Testing for blue-green algae

If a producer suspects the presence of blue-green algae, a water sample can be sent to the Kansas State Veterinary Diagnostic Laboratory for testing. Because toxin concentrations can fluctuate widely within the same pond, animals drinking from the pond may or may not consume significant levels of the toxin. Because toxin consumption cannot be forecasted with any degree of accuracy, water from a pond that tests positive for blue-green algae is considered unsafe for livestock consumption. The level of toxin in the water is generally not analyzed due to the cost of testing and because toxin concentrations vary so much by location and time within the same pond.

How to Collect a Water Sample to Submit for Blue-green Algae Detection

  1. Find a location in the pond where algae is most concentrated. This may be a scummy area along the pond shoreline, or a patch of discolored water. If in doubt as to the best location, sample on the downwind side of the pond. Inlets and coves, where wind disturbance is minimal, are also good sites for collecting a sample.
     
  2. Use a clean plastic bottle with a screw lid to collect the sample. The bottle does not have to be sterile. A 20-ounce or 1-quart soft-drink bottle will work well. Rinse the bottle with pond water before collecting the sample. If present, be sure to include some of the pond scum in the sample. Avoid touching the water or wear gloves while collecting samples.
     
  3. Fill the bottle with pond water, screw on the lid, and immediately place it into a cooler with ice or transport it to a refrigerator.
     
  4. Keep the sample cool, but not frozen, until it is shipped to the lab. Although the sample can be kept cool for a few days before submitting it to the lab, it is recommended that it be shipped the same day it is collected. It is preferable to avoid collecting and shipping samples on days when they will arrive at the lab on the weekend and sit 1 to 2 days before being processed.
     
  5. Fill out a sample submission form that includes your name, preferred contact method, and contact information (phone, fax, email, or address). A submission form can be found at: http://www.ksvdl.org/docs/submission-forms/Bovine_Submission_Form.pdf. Fill out the owner/producer section of the form. Specify the test you are requesting as “blue-green algae” in the “Other tests not listed” line at the bottom of the form. Add any information you may need to identify where the sample was taken. Place the form in a re-sealable zipper bag so moisture from the ice packs does not cause it to disintegrate or the ink to run.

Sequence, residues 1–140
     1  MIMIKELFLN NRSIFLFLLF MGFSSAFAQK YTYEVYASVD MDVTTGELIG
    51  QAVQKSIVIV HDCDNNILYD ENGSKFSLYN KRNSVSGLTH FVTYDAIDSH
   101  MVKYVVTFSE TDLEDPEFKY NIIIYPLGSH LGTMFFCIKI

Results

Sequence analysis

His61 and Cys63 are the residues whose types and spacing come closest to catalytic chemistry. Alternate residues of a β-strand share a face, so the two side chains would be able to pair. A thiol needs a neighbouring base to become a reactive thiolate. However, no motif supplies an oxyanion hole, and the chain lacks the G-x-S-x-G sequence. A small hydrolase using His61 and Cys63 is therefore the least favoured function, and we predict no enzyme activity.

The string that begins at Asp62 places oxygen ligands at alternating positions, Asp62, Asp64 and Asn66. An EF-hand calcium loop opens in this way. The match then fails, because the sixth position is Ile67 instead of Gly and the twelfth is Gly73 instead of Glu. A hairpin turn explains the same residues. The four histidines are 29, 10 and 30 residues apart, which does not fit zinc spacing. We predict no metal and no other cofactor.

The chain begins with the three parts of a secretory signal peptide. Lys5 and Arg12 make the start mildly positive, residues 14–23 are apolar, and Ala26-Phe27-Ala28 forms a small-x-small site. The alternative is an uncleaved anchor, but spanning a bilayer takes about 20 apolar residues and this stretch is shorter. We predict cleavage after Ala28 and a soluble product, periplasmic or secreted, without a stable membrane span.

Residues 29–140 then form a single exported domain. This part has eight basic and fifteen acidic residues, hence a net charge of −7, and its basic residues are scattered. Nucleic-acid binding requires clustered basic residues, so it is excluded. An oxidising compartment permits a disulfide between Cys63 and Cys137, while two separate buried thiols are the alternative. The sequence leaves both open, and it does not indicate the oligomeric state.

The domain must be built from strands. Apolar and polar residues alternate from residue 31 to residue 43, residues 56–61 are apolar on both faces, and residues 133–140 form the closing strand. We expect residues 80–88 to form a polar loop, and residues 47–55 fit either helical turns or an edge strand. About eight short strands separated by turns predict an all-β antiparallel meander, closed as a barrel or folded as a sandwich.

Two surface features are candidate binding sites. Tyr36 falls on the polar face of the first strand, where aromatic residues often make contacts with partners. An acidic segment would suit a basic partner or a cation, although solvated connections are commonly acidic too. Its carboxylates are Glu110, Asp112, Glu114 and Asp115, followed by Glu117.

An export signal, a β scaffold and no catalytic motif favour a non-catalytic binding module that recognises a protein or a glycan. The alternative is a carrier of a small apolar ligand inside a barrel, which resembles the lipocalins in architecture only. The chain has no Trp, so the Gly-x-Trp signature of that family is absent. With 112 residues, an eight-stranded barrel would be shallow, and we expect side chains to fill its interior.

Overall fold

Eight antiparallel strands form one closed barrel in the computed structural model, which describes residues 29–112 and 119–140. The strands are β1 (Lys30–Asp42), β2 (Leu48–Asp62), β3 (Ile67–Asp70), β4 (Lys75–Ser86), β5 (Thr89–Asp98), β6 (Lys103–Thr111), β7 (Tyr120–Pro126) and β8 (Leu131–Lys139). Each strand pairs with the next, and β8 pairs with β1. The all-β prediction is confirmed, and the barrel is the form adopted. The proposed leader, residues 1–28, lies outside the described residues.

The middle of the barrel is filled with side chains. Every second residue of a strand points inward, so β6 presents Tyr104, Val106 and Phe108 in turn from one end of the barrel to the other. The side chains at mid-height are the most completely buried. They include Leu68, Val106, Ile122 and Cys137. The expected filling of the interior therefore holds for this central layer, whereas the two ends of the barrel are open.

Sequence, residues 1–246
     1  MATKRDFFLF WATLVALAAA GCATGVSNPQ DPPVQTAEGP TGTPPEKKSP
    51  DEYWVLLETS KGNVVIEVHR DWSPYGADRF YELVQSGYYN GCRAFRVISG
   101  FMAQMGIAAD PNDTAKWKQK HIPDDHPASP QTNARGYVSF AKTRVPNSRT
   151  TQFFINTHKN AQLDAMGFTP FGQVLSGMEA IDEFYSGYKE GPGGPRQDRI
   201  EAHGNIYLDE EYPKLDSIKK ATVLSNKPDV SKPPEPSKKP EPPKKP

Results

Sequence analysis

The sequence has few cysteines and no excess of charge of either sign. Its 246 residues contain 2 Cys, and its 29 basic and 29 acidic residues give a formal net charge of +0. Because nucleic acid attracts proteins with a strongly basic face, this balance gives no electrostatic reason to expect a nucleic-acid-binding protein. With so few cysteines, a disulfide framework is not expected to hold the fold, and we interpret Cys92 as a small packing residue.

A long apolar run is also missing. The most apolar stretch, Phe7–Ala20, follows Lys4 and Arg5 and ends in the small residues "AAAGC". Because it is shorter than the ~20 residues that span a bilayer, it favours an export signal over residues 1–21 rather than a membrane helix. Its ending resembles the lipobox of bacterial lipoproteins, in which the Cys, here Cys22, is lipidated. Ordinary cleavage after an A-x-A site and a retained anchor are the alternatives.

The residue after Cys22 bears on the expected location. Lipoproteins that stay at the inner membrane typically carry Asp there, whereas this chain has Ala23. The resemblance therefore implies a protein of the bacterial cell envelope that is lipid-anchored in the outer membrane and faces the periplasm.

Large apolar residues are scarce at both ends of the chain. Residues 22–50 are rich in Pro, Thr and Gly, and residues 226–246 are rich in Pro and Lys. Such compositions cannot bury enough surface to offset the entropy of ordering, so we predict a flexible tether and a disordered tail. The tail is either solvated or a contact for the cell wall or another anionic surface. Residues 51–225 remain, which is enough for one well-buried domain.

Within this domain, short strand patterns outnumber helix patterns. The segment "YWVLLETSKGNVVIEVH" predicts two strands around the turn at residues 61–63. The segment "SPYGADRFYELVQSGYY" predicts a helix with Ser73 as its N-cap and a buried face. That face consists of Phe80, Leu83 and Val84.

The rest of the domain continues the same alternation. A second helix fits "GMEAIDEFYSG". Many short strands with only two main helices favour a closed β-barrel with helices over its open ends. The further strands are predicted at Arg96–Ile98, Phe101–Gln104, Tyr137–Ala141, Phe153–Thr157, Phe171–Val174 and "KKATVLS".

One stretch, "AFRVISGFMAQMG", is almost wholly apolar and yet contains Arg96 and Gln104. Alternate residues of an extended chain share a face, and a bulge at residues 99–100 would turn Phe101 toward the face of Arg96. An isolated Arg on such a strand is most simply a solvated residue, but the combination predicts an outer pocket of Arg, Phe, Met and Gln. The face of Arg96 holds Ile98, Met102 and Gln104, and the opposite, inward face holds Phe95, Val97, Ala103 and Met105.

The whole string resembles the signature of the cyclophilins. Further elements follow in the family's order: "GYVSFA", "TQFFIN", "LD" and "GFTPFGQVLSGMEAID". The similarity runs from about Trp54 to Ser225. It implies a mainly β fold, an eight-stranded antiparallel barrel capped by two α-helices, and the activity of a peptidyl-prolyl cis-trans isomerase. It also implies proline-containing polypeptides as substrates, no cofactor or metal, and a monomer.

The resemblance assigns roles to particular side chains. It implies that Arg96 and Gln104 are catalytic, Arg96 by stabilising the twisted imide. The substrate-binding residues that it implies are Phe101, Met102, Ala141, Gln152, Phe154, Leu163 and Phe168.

6. Wrap the joint between the lid and the bottle with tape to seal it. Put the bottle in a re-sealable zipper bag and seal it. Place the bottle in a box or small polystyrene foam container and surround it with ice packs. Place enough packing insulation and ice packs around the bottle to keep it cool until it arrives at the lab. Multiple bottles can be included in one shipping container, but each should be clearly marked with the site where it was collected so results can be matched with water source.

To view a two-minute video illustrating how to collect a water sample for blue-green algae, go to https://www.youtube.com/watch?v=ZRNWzFwKKjE

Once the sample is properly collected, ship the water sample to:

Kansas State Veterinary Diagnostic Laboratory
Mosier D-117
1800 Denison Avenue
Manhattan, KS 66506-5601

Results should be available within 24 to 48 hours after the sample arrives.

For more information, please contact the Kansas State Veterinary Diagnostic Laboratory at 866-512-5650 or email clientcare@vet.k-state.edu

 

This eUpdate article and the companion article contain excerpts from the KSRE publication MF-3065, “Identification and Management of Blue-green algae in farm ponds”. You can view the entire publication at: https://www.bookstore.ksre.k-state.edu/pubs/MF3065.pdf

 

 

Carolyn Baldwin, Range Management Specialist
carolbaldwin@ksu.edu

A.J. Tarpoff, Extension Beef Veterinarian
tarpoff@ksu.edu

Steve Ensley, Clinical Veterinary Toxicologist
sensley01@ksu.edu

Jeff Davidson, Watershed Specialist
jdavidso@ksu.edu

Will Boyer, Extension Watershed Specialist
wboyer@ksu.edu